Some of the questions that surprised me were about how you can develop carpal tunnel syndrome. One question that was particularly interesting was about if yoga could cause carpal tunnel of make the symptoms worse. We had not conducted any research specifically on yoga and had not thought about how something like yoga could affect the wrists. Any excessive bending or stretching of the wrist can cause increased pressure on the median nerve (which is the cause of carpal tunnel) so yoga could cause the symptoms if it is done for a long period of time or very frequently. Many of our guests were coming up with other ideas and activities that could potentially cause carpal tunnel of make the symptoms worse.

The audience was very interested in the section our presentation on proper positioning and how to decrease your risk of developing carpal tunnel. Many of the audience members participate in activities, such as typing a lot, that can increase the risk of developing this condition so they were anxious to hear about how to decrease this risk and protect themselves and their bodies while continuing to do the activities they like (such as being on second life!).

Overall, this presentation went very well. The audience was interested and had good questions and discussions. I was surprised by how many of them had heard about carpal tunnel syndrome and new a fair amount of information on the topic. This presentation gave them extra information about carpal tunnel and also provided them with ways to avoid developing this disease.

Grad students discuss healthy aging and recent well elderly study

Healthy aging event 8-19-11


On August 18, at two sessions, OT students Rukii Marenwolf (Kaitlin Rodriquez) and Vironica Loxingly (Veronica Souter) gave a presentation and discussion on Healthy Aging. Held at the Garden of Healthy Aging, the event produced some very interesting discussion, a bit of controversy, and suggestions for new ventures. Here is a short excerpt from their talk:

People are living longer so it is important to learn how to keep people healthy as they age. Occupational Therapists believe that engaging in meaningful activities is essential in order to live a healthy life at any age. To continue to be as healthy as possible into late adulthood a person should continue living a healthy lifestyle and doing the things that are important to him or her. This study is extremely important because it shows that changes in lifestyle can be used to help prevent the onset of illness and disability.

Rukii and Vironica combined presentation of the Well Elderly 2 study with questions such as “Have any of you made any lifestyle changes?” and discussion of strategies participants had found beneficial to them. The presenters and participants all emphasized the importance of small changes but consistent changes in daily activities directed by the person him/herself.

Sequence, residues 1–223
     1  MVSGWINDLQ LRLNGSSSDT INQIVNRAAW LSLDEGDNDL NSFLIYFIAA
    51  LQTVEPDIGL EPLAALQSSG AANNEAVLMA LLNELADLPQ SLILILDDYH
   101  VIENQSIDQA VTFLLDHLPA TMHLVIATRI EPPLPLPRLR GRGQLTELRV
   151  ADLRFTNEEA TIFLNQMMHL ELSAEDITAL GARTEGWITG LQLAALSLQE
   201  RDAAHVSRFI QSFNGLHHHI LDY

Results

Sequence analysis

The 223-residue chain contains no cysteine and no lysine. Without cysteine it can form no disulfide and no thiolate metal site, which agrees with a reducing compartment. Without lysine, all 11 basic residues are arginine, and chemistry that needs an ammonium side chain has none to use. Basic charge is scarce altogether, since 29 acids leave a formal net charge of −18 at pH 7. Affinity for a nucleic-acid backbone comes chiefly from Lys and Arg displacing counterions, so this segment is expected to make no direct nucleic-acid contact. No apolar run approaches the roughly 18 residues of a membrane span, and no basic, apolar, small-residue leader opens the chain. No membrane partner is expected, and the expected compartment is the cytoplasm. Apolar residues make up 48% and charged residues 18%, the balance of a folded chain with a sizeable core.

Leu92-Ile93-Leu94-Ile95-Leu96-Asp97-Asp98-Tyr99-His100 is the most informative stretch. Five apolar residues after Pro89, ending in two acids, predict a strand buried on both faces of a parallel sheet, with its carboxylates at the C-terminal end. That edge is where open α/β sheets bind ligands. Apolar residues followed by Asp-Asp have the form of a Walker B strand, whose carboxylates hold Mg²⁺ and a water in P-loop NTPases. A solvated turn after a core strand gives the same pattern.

Controversy came in when all discussed the issue of “whose responsibility is a person’s health?” Rukii and Vironica brought up the point that it’s one thing to hear a healthcare provider’s advice but may be quite another to actually put lifestyle changes into practice. All agreed that the approach of most physicians is prescriptive and focuses on “fixing a problem;” this needs to change to more fully include consumer perspectives. This brings to mind Linda Hunt et. al.’s seminal work, Compliance and the patient’s perspective: Controlling symptoms in everyday life. Although published in 1987, findings of the study are equally relevant today and make the point that changes must fit well into the person’s lifestyle and their own ideas about what is best for them. The second author, Brigitte Jordan has made this publicly accessible via her blog–a highly recommended and thought-provoking read for any interested in the topic of patient compliance/consumer adherence.

An exciting development was the suggestion by two participants that we form a group to discuss issues of healthy aging. All agreed that there are many on Second Life who could benefit from such a group. We will be discussing the feasibility/possible directions of this in the next several weeks so stay tuned!

ISTE 2011 Presentations

Our activities at ISTE, the International Society for Technology in Education, international conference
Poster/learning station

Machinimafest Entry

Universal Design Events in Second Life

Update 4-30-11

Universal design event 4-30-11


Students gave a repeat performance of their talk on universal design on Saturday, April 30. This was a much larger group (about 25) than Thursday’s event. Gentle Heron and ISkye Silverweb from Virtual Ability and Health Info Island and others from the U.S. and Europe attended. Discussion was lively and included questions about advantages, disadvantages, and application of specific universal design features and how universal design can promote inclusion. We set up tours of the adapted home and playground at Eduisland 2 (main location) and the Garden of Healthy Aging for Saturday, May 7 and Wednesday, May 11, both at 11 am SLT. The starting point will be Eduisland 2 both times). Students will also present their talk on universal design again on May 18, at 11 am at Health Info Island.


universal design event 4-28-11

Universal Design event 4-28-11


To celebrate Occupational Therapy Month, first year OT students Vironica and Rukii are presenting, “Universal design: Why should we care?” at two sessions at the main site of the OT Center at Jefferson in Second Life. The first of these was held on Thursday, April 28 from 7:30 AM to 8:30 AM EDT and included a presentation, discussion, and 3D illustration. The session will be repeated on Saturday, April 30 from 2-3 PM EDT.
When we do these events, we like to provide Second Life residents with different time options, since our audience is from all over the world. Thursday’s presentation included an individual from Germany in the audience. We are looking forward to Saturday’s presentation and hope to see you there!